[time-nuts] Need advice for multilateration setup

Magnus Danielson magnus at rubidium.dyndns.org
Wed Apr 8 15:21:48 EDT 2015

Hi Jim,

On 04/08/2015 12:46 AM, Jim Lux wrote:
> On 4/7/15 11:33 AM, Magnus Danielson wrote:
>> Hi,
>> O
>> One might look at the available frequencies and see if there is a
>> telemetry band available which allows wider bandwidth. For the
>> application, I don't see that very much transmitted power is needed.
> If the OP is a licensed amateur radio person, then choosing one of the
> low microwave ham bands would be easy.  Parts to generate a carrier and
> BPSK at 2.39-2.45,3.3-3.5, 5.6-5.8 GHz are cheap and readily available.
> You might be able to get away with a VCO and no crystal as the
> transmitter, but even if you can't, there's tons of PLLs out there that
> will nicely lock to a crystal and are cheap.
> You might want to do a link budget and see how much power you need to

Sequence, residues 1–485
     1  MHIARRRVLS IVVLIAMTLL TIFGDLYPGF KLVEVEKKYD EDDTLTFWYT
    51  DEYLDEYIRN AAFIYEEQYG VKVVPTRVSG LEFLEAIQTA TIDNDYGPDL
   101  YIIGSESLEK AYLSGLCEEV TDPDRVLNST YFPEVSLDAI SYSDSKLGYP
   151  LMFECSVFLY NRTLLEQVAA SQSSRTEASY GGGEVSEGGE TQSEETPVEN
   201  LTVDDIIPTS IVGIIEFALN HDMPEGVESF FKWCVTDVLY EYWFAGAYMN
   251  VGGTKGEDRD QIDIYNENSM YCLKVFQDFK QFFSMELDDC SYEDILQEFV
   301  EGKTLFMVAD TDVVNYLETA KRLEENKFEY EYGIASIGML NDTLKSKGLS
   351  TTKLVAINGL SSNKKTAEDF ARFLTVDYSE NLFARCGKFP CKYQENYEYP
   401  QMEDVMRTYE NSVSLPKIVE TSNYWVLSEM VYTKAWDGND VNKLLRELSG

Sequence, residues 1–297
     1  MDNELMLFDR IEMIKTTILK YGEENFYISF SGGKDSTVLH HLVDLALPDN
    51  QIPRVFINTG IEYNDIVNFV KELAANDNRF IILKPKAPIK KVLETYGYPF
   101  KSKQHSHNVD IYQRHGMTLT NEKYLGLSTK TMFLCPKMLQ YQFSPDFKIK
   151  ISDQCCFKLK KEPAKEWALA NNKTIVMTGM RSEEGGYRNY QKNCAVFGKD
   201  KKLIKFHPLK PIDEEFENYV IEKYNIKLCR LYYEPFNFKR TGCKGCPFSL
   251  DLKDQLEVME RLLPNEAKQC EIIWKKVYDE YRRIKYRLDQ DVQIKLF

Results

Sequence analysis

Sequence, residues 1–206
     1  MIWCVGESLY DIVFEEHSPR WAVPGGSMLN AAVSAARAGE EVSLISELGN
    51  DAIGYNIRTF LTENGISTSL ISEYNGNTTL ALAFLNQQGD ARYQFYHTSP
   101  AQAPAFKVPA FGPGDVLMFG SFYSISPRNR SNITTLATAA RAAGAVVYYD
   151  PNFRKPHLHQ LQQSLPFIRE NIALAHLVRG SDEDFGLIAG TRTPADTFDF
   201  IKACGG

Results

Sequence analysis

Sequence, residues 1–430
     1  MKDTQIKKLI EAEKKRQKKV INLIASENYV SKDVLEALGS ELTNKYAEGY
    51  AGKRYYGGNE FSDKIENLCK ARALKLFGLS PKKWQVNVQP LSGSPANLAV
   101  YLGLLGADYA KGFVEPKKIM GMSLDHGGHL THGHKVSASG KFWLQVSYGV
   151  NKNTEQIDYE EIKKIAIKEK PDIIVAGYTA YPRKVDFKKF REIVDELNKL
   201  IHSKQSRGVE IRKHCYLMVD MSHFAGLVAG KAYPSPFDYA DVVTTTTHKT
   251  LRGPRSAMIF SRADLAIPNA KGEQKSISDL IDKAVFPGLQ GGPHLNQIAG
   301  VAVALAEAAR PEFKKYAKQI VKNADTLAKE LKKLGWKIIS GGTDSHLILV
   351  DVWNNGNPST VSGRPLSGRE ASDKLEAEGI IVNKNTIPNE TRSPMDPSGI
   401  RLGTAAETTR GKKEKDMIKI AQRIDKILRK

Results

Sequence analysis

> radiate, so that you get a decent SNR at the receiver.
> free space path loss between isotropic antennas (in dB)
> = 34  + 20 log10(freq in MHz) + 20 log10(distance in km).
> 1km at 3 GHz is 34+69 = 103 dB.
> If you radiate 1 mW (0dBm) from an omni (a piece of wire), you'll see
> -103 dBm at the input to your receiver, which is a fairly healthy
> signal.  A detection bandwidth of 10 Hz would have a noise floor of -164
> dBm before taking into account the receiver noise, but even if the
> receiver is terrible, you're still looking at tens of dB SNR with a very
> simple transmitter.

Indeed. I realized that without doing the numbers, so I think the focus 
could be in how to realize a simple and light transmitter. A small FPGA 
will suffice for the code-generation. It will be essentially empty.
Re-cycling the GPS C/A codes should be trivial. It should not be too 
hard to build the receiver side too. It's essentially the same as 
building a GPS receiver.

>>> That's a very good argument for higher chiping rates.
>> I expect that the launch is a bit challenging for the tracking loop.
> If you're trying to track in real time, certainly.  If you're doing post
> processing, less so.

Fair enough. If you know you can track it in real time, then you know 
you can do it in post-processing.


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